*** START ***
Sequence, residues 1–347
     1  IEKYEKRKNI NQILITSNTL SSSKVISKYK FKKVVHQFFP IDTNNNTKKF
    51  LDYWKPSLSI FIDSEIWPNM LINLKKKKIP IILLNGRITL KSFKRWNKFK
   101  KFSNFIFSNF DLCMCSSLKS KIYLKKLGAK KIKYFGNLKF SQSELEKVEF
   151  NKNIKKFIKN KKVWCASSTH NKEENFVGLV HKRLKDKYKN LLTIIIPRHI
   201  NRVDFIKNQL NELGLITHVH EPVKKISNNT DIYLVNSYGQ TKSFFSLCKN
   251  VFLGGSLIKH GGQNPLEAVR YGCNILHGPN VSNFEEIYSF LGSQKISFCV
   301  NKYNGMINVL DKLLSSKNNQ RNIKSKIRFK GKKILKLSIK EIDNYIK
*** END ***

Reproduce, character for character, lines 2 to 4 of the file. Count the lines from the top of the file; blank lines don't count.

     1  IEKYEKRKNI NQILITSNTL SSSKVISKYK FKKVVHQFFP IDTNNNTKKF
    51  LDYWKPSLSI FIDSEIWPNM LINLKKKKIP IILLNGRITL KSFKRWNKFK
   101  KFSNFIFSNF DLCMCSSLKS KIYLKKLGAK KIKYFGNLKF SQSELEKVEF